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Socrates and Legal Obligation

Socrates and Legal Obligation

R. E. Allen
Copyright Date: 1980
Edition: NED - New edition
Pages: 162
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  • Book Info
    Socrates and Legal Obligation
    Book Description:

    Charged with “impiety” and sentenced to death under the law of Athens, Socrates did not try to disprove the charges or to escape death, but rather held to a different kind of rhetoric, aiming not at persuasion but at truth. In Socrates and Legal Obligation, R.E. Allen contends that Plato’s works on Socrates’ acceptance of death -- the Apology and the Crito -- should be considered together and as such constitute a profound treatment of law and of obligation to law. Allen’s study of Socrates’ thought on these vital issues is accompanied by his own translations of the Apology and the Crito.

    eISBN: 978-0-8166-6113-8
    Subjects: Philosophy

Table of Contents

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  1. Front Matter
    (pp. i-vi)
  2. Introduction
    (pp. vii-x)

    The association between Plato’sCritoand Apology is close and natural. They were anciently grouped by Thrasyllus with theEuthyphroandPhaedoas members of a single tetralogy, the first, for the reason that they bear on the events of Socrates’ trial and death. The scene of theEuthyphrois the Porch of the King Archon, where Socrates has come to answer in preliminary hearing the charges brought against him by Meletus; theApologypresents Socrates’ courtroom defense and condemnation; theCrito,his refusal to escape the death sentence a few days before it was to be executed; thePhaedo,...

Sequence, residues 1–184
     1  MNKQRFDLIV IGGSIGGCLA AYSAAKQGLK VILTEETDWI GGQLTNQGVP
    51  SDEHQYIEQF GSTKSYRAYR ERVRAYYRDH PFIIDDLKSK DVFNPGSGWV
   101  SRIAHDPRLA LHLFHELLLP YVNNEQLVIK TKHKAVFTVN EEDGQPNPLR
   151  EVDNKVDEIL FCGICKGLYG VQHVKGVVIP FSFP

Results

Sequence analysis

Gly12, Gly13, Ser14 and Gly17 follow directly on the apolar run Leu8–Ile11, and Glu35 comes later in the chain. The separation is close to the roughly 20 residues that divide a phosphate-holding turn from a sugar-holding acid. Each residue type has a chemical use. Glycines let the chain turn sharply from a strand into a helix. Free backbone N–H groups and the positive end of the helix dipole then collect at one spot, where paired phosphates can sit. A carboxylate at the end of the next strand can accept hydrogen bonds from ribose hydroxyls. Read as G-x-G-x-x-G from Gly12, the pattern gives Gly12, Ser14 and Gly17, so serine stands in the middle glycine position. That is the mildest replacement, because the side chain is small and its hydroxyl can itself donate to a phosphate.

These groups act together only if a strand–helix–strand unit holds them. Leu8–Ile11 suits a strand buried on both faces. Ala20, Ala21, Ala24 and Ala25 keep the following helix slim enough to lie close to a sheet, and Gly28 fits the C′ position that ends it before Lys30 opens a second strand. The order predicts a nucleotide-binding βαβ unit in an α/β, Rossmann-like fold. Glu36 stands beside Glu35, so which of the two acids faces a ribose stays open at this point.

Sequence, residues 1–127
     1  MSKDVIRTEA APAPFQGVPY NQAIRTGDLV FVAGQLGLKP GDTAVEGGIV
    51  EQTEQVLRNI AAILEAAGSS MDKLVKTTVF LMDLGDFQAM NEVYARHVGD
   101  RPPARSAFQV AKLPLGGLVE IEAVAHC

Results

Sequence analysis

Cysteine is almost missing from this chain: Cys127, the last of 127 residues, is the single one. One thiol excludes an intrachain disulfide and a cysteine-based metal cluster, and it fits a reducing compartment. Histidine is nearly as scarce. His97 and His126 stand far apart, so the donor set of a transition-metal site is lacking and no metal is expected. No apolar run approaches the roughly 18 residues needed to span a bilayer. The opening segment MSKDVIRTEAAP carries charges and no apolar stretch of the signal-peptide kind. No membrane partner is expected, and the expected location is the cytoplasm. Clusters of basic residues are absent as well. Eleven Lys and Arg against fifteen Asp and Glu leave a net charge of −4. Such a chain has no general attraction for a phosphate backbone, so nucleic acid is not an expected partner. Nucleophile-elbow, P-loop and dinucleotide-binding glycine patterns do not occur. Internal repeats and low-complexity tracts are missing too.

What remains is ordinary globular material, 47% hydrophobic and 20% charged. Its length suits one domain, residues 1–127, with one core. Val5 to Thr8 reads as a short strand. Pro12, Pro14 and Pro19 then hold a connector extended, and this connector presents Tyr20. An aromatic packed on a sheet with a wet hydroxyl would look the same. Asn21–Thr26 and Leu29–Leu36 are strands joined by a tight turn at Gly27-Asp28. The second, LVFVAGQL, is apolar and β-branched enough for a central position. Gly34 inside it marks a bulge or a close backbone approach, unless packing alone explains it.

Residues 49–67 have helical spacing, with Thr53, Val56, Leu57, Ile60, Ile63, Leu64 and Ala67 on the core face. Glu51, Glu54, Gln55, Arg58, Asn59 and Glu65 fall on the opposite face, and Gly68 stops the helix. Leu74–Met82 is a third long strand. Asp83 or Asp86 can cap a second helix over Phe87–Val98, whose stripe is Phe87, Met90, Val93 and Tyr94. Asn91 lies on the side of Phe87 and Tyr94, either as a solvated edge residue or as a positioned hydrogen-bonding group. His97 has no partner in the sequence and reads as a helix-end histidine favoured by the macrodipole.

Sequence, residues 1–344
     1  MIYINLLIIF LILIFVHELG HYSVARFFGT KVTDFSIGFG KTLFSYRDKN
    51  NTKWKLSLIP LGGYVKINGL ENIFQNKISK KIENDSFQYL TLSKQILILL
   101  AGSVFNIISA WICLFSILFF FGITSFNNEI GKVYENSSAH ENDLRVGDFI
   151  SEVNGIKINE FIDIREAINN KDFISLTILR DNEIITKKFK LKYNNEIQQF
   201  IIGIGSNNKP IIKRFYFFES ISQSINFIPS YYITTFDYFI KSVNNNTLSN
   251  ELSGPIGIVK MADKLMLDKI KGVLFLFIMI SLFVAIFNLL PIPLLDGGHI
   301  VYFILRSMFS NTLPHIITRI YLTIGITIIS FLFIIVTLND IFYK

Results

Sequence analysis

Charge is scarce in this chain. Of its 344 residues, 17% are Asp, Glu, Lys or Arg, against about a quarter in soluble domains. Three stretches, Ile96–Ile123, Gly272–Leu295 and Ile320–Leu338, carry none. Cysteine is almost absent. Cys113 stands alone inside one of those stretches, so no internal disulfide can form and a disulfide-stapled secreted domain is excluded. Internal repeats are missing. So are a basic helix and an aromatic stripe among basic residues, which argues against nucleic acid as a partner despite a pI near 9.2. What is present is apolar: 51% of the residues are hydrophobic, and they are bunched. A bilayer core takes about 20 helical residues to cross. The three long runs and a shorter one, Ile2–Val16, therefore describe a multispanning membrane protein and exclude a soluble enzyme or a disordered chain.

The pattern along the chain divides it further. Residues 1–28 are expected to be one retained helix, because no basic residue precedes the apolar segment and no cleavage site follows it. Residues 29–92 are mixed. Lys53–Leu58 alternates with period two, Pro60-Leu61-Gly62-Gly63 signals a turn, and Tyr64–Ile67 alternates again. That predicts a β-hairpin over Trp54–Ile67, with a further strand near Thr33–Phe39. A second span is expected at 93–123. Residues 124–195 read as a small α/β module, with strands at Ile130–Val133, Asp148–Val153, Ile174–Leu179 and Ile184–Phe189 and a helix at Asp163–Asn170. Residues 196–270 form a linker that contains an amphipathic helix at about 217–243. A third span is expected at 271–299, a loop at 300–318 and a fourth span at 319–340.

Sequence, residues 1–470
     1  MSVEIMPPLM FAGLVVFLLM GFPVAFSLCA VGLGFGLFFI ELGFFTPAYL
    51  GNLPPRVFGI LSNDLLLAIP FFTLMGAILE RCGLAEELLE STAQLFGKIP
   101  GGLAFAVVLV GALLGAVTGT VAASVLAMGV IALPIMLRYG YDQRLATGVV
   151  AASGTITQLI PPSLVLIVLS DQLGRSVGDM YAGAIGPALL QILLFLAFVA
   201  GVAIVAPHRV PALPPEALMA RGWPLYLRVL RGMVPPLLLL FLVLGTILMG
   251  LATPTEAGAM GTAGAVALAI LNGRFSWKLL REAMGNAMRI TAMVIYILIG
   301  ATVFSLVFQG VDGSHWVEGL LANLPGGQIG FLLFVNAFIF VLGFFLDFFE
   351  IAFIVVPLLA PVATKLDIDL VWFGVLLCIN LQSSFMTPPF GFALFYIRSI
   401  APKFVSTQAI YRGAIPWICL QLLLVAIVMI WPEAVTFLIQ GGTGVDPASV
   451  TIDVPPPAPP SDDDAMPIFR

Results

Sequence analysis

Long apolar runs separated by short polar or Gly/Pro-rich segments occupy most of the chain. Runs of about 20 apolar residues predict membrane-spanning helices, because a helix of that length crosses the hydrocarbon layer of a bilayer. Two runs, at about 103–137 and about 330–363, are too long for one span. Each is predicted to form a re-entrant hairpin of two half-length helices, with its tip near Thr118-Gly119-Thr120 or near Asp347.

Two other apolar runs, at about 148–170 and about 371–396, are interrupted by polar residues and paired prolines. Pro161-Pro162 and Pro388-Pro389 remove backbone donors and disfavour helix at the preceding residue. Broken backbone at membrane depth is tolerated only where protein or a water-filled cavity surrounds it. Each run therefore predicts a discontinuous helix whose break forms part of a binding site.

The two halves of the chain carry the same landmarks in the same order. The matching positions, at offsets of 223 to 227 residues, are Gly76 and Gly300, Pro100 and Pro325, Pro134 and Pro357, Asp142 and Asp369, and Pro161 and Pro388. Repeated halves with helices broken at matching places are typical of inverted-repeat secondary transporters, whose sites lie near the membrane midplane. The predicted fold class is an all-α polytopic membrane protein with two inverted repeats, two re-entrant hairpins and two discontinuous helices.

3. Table of Contents
    (pp. xi-xiv)

    • Irony and Rhetoric in Plato’s Apology
      (pp. 3-16)

      In the year 399 B.C., in Athens, Socrates, son of Sophroniscus, of the deme Alopece, aged seventy, was brought to trial on a writ of impiety, agraphe asebeias.He was found guilty and condemned to death. The exact indictment, or, more accurately perhaps, sworn information, has been preserved by Diogenes Laertius on the authority of the scholar Favorinus, who searched the Athenian archives and found it there:

      This indictment and affidavit is sworn by Meletus, the son of Meletus of Pitthos, against Socrates, the son of Sophroniscus of Alopece: Socrates is guilty of refusing to recognize the gods recognized...

    • The Historical Background of the Charges
      (pp. 17-21)

      The author of theSeventh Epistle,writing some forty years or more after the trial, described Socrates as the best and most righteous man of his time, and dismissed the charge of impiety as one which he least of all men deserved. Whether or not those are Plato’s own words, they most certainly represent Plato’s own views (seePhaedo118a) and those of many other Athenians. Yet Socrates died a condemned criminal.

      Impiety, no doubt, was a serious matter. A sign of this is that it was prosecuted bygraphēor writ of public indictment, as technically even murder was...

    • The Issue of Legality
      (pp. 22-32)

      The history books tell us that, “In equity Socrates was innocent. In Attic law he was guilty of the charge preferred against him.”¹ Let us see.

      Certainly Socrates was guilty if guilt is construed formally, and follows on being found guilty. A verdict in a court of law is not simply a true or false statement, but an operative fact, and in the absence of fresh evidence or invalid procedure, a verdict of guilt, however false to fact, implies guilt at law. No irregularity in the proceedings against Socrates was remarked either at the time or afterward. The evidence, such...

    • The Issue of Historicity
      (pp. 33-36)